In an e-mail responding to the claims that the Keystone XL presents a threat to the Ogallala Aquifer, Trans Canada spokesman Davis Sheremata noted that "phase one of the Keystone Pipeline, which has been operating since July 2010, has safely moved over 600 million barrels of oil to market, and traverses the entire states of South Dakota and Nebraska."
Regarding Trans Canada's safety response, Sheremata wrote: "We monitor our pipeline system through a centralized high-tech center 24 hours a day, 365 days a year. We use satellite technology that sends data every five seconds from thousands of data points to our monitoring center, and if a drop in pressure is detected, we can isolate any section of our pipeline by remotely closing any of the hundreds of valves on the system within minutes."
But after what has been a relentless, five-year campaign to secure permission to build the Keystone XL through 12 Ogallala-fed counties in Nebraska – 10 of which do not have oil pipelines – reportedly more than 100 landowners have rejected significant offers from Trans Canada, as high as six figures.
"This lady makes us feel like we won the lottery," says Tenderup, of the offer he received. "You know, we're going to get a lot of money; the oil is going to reduce our fuel prices; it's going to give Americans jobs. It's going to do all these wonderful things. It was like I'd be un-American if I didn't jump on this bandwagon."
Tenderup, who says he rejected a $130,000 payment for an easement, sees Trans Canada waging a war of attrition all around him. Recently, he said, one neighbor received an added signing bonus of $45,000.
"My wife is very passionate about this farm," Tenderup says, his voice tinged with determination and emotion. "This farm has been in her family for about 100 years. Her parents, her grandparents, they took care of this land. They survived through the Dust Bowl. We've got to be strong like they were … We've got to preserve what's here, because it's not just the fact that it's our land. It's the fact that life is underneath it … in … that … water!"
In part, these holdouts have not been assured by Trans Canada's safety promises. In an independent report by the University of Nebraska's engineering department, Professor John Stansbury said Trans Canada had underestimated the time it would take to detect a spill and also underestimated worst-case scenarios. Stansbury noted that it took Enbridge Energy technicians in Edmonton, Alberta 17 hours to stop the Kalamazoo leak. He also said just one spill from the Keystone XL could pollute 4.9 billion gallons of Ogallala groundwater.
Sheremata, Trans Canada's spokesman, indicated that since Keystone began operating in July 2010, there have been "10 reportable releases of oil" in the United States, totaling 427 barrels (approximately 18,000 gallons). Of that total, Sheremata claimed only five barrels "left our pump station property."
The pipeline fighters have also been enraged but what one landowner has called "eminent domain running amok."
Many were first shocked to learn that a 1963 state law allowed even a foreign oil-pipeline corporation, like Trans Canada, to take the land of Nebraska residents if they didn't cooperate. In 2012, that law was superseded by another which gave Nebraska Governor Dave Heineman– who first opposed but now supports construction of the pipeline — sole power to execute the authority to exercise eminent domain. Three Nebraska citizens challenged the law as unconstitutional, on the grounds that it was a piece of special legislation for the benefit of Trans Canada.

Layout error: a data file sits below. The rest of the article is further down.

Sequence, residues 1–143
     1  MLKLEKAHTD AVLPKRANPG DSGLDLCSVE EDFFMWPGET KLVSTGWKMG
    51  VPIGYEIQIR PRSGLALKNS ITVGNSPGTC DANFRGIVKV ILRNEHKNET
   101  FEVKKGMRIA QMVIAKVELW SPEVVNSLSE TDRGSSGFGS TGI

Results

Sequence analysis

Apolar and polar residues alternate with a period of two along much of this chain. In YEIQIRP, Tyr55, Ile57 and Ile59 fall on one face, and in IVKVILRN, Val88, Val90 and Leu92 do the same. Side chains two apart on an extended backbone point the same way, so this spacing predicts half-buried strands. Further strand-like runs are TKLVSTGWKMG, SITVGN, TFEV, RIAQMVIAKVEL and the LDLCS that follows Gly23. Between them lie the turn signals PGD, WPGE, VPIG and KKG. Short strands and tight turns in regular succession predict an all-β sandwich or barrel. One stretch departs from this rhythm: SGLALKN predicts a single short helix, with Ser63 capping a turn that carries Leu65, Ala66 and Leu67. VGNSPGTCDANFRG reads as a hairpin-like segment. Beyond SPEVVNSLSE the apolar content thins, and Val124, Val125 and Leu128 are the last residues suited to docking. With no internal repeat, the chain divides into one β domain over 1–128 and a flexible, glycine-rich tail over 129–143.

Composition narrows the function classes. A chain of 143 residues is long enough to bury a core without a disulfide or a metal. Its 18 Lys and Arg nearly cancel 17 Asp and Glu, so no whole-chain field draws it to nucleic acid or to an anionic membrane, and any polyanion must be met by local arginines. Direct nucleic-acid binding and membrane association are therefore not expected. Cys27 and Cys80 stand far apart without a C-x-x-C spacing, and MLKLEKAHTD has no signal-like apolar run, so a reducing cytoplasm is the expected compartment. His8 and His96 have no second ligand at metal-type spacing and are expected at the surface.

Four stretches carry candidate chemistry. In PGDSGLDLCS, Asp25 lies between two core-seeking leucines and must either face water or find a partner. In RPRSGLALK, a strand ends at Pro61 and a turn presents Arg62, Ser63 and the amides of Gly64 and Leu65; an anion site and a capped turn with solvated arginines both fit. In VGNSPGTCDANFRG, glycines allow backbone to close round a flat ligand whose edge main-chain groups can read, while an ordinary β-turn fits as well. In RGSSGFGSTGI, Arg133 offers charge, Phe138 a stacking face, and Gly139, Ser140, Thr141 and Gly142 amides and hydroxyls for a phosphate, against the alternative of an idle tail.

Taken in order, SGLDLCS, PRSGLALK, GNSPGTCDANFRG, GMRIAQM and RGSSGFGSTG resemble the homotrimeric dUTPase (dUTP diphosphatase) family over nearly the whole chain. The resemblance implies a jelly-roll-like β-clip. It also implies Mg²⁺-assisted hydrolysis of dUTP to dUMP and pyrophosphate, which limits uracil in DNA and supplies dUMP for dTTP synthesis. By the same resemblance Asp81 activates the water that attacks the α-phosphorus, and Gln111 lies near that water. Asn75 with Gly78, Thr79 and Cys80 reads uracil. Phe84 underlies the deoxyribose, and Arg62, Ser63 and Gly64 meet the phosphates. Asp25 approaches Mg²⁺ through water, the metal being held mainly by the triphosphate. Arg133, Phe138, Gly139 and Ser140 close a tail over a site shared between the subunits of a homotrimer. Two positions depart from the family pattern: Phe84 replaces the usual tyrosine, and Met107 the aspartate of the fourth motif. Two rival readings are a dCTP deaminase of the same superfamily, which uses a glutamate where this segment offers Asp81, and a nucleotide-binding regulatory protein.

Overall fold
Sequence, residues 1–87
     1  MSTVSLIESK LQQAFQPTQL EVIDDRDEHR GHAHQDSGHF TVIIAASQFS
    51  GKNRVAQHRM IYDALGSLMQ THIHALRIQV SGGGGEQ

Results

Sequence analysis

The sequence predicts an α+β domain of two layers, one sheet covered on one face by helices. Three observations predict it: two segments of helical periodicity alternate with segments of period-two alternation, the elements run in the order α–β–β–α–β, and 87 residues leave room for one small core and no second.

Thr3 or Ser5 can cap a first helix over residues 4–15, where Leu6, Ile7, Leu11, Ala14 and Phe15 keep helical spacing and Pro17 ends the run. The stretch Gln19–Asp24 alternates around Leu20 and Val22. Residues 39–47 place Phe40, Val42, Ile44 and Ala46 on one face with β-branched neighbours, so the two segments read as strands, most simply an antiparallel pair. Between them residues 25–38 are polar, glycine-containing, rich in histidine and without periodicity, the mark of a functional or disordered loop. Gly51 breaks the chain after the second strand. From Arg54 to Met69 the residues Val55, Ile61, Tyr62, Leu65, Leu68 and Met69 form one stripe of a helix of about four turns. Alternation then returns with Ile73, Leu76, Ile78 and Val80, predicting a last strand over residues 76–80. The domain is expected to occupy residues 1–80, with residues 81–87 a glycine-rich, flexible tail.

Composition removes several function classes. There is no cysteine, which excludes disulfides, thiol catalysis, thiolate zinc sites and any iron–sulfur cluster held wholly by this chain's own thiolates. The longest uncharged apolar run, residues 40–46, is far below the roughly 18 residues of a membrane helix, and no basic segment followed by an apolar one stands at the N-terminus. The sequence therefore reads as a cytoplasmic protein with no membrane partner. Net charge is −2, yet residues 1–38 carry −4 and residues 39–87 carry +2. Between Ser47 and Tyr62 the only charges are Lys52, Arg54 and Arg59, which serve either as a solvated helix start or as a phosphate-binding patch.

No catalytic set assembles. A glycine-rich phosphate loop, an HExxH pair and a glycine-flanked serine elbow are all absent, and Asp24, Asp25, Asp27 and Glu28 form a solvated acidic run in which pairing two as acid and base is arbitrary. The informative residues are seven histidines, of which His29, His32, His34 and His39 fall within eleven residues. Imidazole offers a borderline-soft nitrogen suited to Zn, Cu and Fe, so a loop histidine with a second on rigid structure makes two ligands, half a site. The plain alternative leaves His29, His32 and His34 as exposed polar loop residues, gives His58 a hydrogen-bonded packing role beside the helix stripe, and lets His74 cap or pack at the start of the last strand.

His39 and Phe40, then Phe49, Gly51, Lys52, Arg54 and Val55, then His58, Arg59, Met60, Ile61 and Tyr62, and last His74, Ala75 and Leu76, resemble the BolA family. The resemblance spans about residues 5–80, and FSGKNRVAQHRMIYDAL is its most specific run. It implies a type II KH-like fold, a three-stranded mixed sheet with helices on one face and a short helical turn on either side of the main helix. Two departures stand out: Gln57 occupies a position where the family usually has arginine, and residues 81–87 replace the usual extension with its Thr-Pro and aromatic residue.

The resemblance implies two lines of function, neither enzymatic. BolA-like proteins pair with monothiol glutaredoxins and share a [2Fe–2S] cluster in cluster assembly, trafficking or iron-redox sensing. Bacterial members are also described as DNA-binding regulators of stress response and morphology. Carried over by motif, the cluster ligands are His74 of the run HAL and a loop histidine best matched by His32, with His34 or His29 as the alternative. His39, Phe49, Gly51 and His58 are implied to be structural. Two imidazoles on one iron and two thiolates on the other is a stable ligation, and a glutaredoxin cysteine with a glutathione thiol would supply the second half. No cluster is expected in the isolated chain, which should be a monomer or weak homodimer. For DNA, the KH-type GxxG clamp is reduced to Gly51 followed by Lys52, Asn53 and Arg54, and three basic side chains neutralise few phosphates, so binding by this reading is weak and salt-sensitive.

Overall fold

A Nebraska district judge agreed in February; the state is appealing. Citing the ongoing litigation, in April the Obama administration again postponed a decision on allowing the Keystone XL.
"Both Trans Canada and our elected officials underestimated the people of Nebraska, underestimated the unique bond we have with our land and water," Nebraska's York News-Times publisher Greg Awtry wrote in a May editorial, "(they) underestimated the fact that we would not allow a pipeline company to influence our state legislature into passing a law that was clearly unconstitutional, and underestimated the fairness of allowing a foreign corporation to threaten landowners with eminent domain to build a project that poses unacceptable risk and very little reward."
After the morning prayer greeting sunrise on the Rosebud reservation, visitors were invited into a nearby mess tent to speak with tribal leaders about their deep opposition to the Keystone XL. Hot soup and coffee were waiting.
"This land is what we're fighting for," Dorr said. "We will fight to protect the land. We will fight to protect the resources that are here."
For much of the time, Keith Fielder – a member of the Land & Nature Committee of the Rosebud Sioux Tribe – chose to listen quietly, patiently standing in a corner. But he would have the last words.
"We have to return to our hearts and be smart about how we want to live," he said. "Do we want to live in prosperity and love for one another, and respect for all things? Or do we want to be what the Sioux called the non-Indian back in history: ‘the grabbers of the fat'? If people want to be like that, we're going to seek our demise at an earlier time."
"We're connecting here with our spiritual side, because that will overcome anything. I never dreamed I'd be talking like this, let alone praying. But it makes me feel good to be connected again."
With additional reporting by Gil Aegerter.